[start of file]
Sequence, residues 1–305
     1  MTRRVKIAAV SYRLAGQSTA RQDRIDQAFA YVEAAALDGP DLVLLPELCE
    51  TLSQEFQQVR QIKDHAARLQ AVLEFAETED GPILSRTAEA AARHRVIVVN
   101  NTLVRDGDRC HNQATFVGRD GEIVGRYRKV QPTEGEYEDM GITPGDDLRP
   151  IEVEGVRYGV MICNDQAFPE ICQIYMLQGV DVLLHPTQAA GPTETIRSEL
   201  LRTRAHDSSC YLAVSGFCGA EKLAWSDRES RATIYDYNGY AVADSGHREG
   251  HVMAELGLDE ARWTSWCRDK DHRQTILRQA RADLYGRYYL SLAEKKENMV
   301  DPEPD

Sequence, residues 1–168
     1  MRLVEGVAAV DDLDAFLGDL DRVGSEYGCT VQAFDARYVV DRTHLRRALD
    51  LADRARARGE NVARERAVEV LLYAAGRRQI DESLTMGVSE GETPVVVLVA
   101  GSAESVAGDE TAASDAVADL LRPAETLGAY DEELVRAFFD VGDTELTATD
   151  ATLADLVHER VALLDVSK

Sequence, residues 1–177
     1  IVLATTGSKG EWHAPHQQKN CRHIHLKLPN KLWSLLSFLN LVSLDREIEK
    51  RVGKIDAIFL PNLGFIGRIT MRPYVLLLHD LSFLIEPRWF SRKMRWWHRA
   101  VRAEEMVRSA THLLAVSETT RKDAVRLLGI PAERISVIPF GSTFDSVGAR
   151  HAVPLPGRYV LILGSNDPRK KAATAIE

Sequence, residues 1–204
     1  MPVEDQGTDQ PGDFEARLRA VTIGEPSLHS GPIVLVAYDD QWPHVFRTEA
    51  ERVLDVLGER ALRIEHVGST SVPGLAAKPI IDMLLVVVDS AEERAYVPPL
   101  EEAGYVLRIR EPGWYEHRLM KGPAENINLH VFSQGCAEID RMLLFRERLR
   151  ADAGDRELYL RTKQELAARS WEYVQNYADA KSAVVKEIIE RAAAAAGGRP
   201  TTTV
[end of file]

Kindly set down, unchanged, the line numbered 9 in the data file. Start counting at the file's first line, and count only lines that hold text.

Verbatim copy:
Sequence, residues 1–168